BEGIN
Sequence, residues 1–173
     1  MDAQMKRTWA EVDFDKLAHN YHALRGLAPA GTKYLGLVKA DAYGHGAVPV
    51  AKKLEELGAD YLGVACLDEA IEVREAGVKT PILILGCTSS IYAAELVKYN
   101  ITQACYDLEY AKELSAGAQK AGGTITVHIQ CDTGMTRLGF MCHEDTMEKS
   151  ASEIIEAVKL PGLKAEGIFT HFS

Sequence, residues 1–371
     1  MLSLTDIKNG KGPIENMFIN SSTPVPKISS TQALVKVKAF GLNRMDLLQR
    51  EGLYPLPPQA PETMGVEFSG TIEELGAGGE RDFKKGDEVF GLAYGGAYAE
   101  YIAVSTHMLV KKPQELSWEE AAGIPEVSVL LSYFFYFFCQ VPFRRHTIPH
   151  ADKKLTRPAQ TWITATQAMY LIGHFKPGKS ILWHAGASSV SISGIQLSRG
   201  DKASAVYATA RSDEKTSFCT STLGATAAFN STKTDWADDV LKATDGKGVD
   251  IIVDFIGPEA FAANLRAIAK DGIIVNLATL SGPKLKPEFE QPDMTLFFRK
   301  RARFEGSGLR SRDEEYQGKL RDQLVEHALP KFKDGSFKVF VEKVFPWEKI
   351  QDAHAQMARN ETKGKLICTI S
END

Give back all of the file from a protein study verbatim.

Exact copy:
Sequence, residues 1–173
     1  MDAQMKRTWA EVDFDKLAHN YHALRGLAPA GTKYLGLVKA DAYGHGAVPV
    51  AKKLEELGAD YLGVACLDEA IEVREAGVKT PILILGCTSS IYAAELVKYN
   101  ITQACYDLEY AKELSAGAQK AGGTITVHIQ CDTGMTRLGF MCHEDTMEKS
   151  ASEIIEAVKL PGLKAEGIFT HFS

Sequence, residues 1–371
     1  MLSLTDIKNG KGPIENMFIN SSTPVPKISS TQALVKVKAF GLNRMDLLQR
    51  EGLYPLPPQA PETMGVEFSG TIEELGAGGE RDFKKGDEVF GLAYGGAYAE
   101  YIAVSTHMLV KKPQELSWEE AAGIPEVSVL LSYFFYFFCQ VPFRRHTIPH
   151  ADKKLTRPAQ TWITATQAMY LIGHFKPGKS ILWHAGASSV SISGIQLSRG
   201  DKASAVYATA RSDEKTSFCT STLGATAAFN STKTDWADDV LKATDGKGVD
   251  IIVDFIGPEA FAANLRAIAK DGIIVNLATL SGPKLKPEFE QPDMTLFFRK
   301  RARFEGSGLR SRDEEYQGKL RDQLVEHALP KFKDGSFKVF VEKVFPWEKI
   351  QDAHAQMARN ETKGKLICTI S